Connect to our running AWS instance from the command line:

SSH into your instance with below command in your command line :

ssh -i "jenkins-cicd.pem" ubuntu@public-ip-address-or-public-dns

Pass ‘yes’ if it prompts for confirmation :

That being done, we are now ready to install Jenkins on the AWS Ubuntu instance.

 Installing Jenkins:

First, we’ll add the repository key to the system, run the below command from your terminal :

ubuntu@ip-10-0-1-8:~$ wget -q -O - | sudo apt-key add -

When the key is added, the system will return OK.

Next, we’ll append the Debian package repository address to the server’s sources.list:

ubuntu@ip-10-0-1-8:~$ echo deb binary/ | sudo tee /etc/apt/sources.list.d/jenkins.list
deb binary/

Let’s run a system update:

ubuntu@ip-10-0-1-8:~$ sudo apt-get update
Hit:1 bionic InRelease
Get:2 bionic-updates InRelease [88.7 kB]
Fetched 26.9 MB in 5s (5288 kB/s)
Reading package lists... Done

Now let’s install Java (must be installed first) and Jenkins :

ubuntu@ip-10-0-1-8:~$ sudo apt-get install openjdk-8-jdk jenkins -y

After it has been installed successfully, we will start the jenkins service using the following commands :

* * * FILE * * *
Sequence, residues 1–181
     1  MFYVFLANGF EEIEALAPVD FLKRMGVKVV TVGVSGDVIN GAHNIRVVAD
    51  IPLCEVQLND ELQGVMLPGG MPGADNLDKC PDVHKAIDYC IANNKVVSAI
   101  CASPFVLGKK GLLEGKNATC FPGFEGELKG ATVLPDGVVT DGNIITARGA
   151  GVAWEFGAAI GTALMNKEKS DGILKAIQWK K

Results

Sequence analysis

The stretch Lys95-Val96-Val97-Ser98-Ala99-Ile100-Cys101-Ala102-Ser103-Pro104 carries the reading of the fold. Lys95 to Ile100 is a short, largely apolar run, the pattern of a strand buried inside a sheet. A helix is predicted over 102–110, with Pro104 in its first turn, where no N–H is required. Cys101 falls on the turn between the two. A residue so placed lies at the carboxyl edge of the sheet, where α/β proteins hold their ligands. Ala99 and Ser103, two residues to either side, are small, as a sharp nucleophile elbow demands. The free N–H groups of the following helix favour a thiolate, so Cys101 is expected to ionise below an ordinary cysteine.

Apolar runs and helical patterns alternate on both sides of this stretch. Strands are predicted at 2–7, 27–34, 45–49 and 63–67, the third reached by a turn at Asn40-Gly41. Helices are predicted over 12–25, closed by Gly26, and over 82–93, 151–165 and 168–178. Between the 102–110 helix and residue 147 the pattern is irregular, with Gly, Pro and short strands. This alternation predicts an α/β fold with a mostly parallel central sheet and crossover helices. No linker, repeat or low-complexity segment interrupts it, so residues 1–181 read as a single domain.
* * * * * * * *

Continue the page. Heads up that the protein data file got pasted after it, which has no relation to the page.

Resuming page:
ubuntu@ip-10-0-1-8:~$ sudo systemctl start jenkins

Lets check the status of the service :

ubuntu@ip-10-0-1-8:~$ sudo systemctl status jenkins
● jenkins.service - LSB: Start Jenkins at boot time
   Loaded: loaded (/etc/init.d/jenkins; generated)
   Active: active (exited) since Tue 2019-03-12 16:58:04 UTC; 2min 14s ago
     Docs: man:systemd-sysv-generator(8)
  Process: 19595 ExecStart=/etc/init.d/jenkins start (code=exited, status=0/SUCCESS)

Mar 12 16:58:03 ip-10-0-1-8 systemd[1]: Starting LSB: Start Jenkins at boot time...
Mar 12 16:58:03 ip-10-0-1-8 jenkins[19595]: Correct java version found
Mar 12 16:58:03 ip-10-0-1-8 jenkins[19595]:  * Starting Jenkins Automation Server jenkins
Mar 12 16:58:03 ip-10-0-1-8 su[19641]: Successful su for jenkins by root
Mar 12 16:58:03 ip-10-0-1-8 su[19641]: + ??? root:jenkins
Mar 12 16:58:03 ip-10-0-1-8 su[19641]: pam_unix(su:session): session opened for user jenkins by (uid=0)
Mar 12 16:58:03 ip-10-0-1-8 su[19641]: pam_unix(su:session): session closed for user jenkins
Mar 12 16:58:04 ip-10-0-1-8 jenkins[19595]:    ...done.
Mar 12 16:58:04 ip-10-0-1-8 systemd[1]: Started LSB: Start Jenkins at boot time.

Next, we will configure the firewall settings. Jenkins runs on port 8080 by default, lets allow access to the port :